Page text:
As the semester progresses, we get closer to the first round of the new generation of Texas assessment program.

The State of Texas Assessments of Academic Readiness or as what we have come to know as STARR kicks in this Spring.

The program will assess the same subjects as the Texas Assessment of Knowledge and Skills (TAKS) but will also include end of course testing for high school students. Subjects assessed in lower grades include reading, math, writing, science and social studies. The end of course (EOC) will assess math (Algebra I & II, Geometry), English (English I, II, III), science (Biology, Chemistry, Physics) and social studies (World Geography, World History, U.S. History).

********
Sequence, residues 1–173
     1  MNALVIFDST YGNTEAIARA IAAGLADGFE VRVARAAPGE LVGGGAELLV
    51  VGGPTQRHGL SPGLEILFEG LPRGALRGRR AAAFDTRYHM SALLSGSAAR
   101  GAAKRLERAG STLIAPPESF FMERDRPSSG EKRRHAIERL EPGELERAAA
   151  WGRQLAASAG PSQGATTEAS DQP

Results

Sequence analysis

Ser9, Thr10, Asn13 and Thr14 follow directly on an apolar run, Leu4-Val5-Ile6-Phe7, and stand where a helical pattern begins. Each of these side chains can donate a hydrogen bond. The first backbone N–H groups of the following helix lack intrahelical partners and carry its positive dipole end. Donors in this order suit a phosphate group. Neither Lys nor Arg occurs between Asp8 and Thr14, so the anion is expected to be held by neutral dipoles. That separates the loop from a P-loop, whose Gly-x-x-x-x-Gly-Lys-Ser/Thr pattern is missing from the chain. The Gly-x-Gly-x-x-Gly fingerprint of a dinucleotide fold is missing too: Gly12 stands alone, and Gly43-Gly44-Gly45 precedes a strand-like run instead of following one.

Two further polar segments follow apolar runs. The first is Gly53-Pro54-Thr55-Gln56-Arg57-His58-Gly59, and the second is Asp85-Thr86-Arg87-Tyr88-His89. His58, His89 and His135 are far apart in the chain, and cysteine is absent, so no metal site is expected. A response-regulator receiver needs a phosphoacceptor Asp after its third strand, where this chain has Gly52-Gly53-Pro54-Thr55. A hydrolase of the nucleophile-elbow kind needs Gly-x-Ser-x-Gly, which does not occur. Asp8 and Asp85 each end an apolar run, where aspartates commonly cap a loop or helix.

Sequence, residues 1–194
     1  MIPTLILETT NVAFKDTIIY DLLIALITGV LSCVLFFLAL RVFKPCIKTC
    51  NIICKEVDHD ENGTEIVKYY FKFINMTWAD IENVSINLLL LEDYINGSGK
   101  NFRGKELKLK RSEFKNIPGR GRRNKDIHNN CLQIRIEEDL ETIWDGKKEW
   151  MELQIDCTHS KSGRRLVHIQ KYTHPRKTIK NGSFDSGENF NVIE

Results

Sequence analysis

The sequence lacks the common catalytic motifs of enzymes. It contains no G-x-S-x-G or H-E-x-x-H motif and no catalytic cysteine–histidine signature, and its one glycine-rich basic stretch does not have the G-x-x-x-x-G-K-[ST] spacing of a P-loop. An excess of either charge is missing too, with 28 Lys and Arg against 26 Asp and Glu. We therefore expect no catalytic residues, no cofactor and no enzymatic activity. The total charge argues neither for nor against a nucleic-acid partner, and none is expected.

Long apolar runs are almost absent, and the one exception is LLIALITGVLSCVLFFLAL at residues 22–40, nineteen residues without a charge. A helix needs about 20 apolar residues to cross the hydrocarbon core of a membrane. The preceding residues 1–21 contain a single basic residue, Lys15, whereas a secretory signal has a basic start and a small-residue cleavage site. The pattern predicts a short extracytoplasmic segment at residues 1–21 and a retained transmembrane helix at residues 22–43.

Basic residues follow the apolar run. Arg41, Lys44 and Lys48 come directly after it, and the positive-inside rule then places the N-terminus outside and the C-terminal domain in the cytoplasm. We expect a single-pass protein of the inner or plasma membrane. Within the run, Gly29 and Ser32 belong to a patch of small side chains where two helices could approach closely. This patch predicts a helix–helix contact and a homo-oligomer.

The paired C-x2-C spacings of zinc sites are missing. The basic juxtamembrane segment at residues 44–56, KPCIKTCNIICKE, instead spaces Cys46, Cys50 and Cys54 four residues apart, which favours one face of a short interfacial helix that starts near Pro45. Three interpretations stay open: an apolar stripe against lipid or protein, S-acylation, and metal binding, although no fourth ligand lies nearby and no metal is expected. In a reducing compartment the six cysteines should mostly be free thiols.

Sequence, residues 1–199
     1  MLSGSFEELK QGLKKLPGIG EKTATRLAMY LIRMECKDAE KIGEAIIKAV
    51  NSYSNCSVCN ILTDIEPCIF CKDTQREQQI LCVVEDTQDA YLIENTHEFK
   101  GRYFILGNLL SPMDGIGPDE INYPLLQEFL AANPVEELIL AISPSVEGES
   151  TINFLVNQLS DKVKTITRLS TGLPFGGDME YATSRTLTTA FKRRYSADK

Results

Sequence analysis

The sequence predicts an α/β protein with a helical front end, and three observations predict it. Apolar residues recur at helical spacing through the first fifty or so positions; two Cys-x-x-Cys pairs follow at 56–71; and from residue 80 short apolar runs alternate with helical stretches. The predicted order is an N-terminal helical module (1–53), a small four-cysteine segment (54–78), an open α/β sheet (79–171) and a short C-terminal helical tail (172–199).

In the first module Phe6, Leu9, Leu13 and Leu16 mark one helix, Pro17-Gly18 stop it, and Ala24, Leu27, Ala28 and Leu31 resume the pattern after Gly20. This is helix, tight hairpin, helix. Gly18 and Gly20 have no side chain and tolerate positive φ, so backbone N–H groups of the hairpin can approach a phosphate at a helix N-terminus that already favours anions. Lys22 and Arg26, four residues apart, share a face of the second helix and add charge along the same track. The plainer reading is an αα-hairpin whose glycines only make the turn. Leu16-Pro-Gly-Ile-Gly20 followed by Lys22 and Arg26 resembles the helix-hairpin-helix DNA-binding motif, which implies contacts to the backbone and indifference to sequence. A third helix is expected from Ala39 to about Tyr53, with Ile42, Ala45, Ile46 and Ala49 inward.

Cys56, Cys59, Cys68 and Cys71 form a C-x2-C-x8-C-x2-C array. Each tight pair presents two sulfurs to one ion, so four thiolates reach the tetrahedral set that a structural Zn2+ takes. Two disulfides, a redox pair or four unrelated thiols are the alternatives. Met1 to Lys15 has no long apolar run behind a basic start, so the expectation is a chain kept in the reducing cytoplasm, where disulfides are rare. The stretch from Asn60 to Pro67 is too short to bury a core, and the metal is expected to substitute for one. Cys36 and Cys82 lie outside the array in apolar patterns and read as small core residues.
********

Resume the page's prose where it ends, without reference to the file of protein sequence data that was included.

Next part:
What should students and teachers expect? For starters, the STARR is a more rigorous exam, and it’s timed. Students will have approximately four hours to complete the examination. The questions require a higher level of thinking and knowledge of the content that is currently being taught in the subject matter.

Dr. Jeffrey Goldhorn from Education Service Center – Region 20 has prepared a short presentation illustrating the differences in the assessments beginning with the Texas Assessment of Basic Skills (TABS) in 1980. In comparison, the assessment questions have increased in difficulty.

With a little preparation, both educators and families, can find themselves armed with the tools needed to face the STARR. Good luck!

To contact Dr. Goldhorn, you can email him at

Learn more about the STARR on the Texas Education Agency (TEA) web site.
Find more STARR resources on the Region 20 web site.

Photo Courtesy: Education Service Center – Region 20